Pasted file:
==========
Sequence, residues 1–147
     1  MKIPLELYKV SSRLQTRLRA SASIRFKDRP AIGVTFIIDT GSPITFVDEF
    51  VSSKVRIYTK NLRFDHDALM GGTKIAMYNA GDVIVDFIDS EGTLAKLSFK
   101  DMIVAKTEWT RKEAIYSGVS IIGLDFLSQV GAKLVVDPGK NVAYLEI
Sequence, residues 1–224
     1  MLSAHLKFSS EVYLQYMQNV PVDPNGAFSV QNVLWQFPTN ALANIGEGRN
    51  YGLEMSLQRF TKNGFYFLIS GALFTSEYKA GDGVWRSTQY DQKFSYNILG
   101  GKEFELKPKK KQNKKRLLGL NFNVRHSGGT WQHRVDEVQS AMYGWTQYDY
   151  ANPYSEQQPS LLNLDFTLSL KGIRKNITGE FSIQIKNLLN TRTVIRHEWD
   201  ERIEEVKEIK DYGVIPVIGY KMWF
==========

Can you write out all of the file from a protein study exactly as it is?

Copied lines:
Sequence, residues 1–147
     1  MKIPLELYKV SSRLQTRLRA SASIRFKDRP AIGVTFIIDT GSPITFVDEF
    51  VSSKVRIYTK NLRFDHDALM GGTKIAMYNA GDVIVDFIDS EGTLAKLSFK
   101  DMIVAKTEWT RKEAIYSGVS IIGLDFLSQV GAKLVVDPGK NVAYLEI
Sequence, residues 1–224
     1  MLSAHLKFSS EVYLQYMQNV PVDPNGAFSV QNVLWQFPTN ALANIGEGRN
    51  YGLEMSLQRF TKNGFYFLIS GALFTSEYKA GDGVWRSTQY DQKFSYNILG
   101  GKEFELKPKK KQNKKRLLGL NFNVRHSGGT WQHRVDEVQS AMYGWTQYDY
   151  ANPYSEQQPS LLNLDFTLSL KGIRKNITGE FSIQIKNLLN TRTVIRHEWD
   201  ERIEEVKEIK DYGVIPVIGY KMWF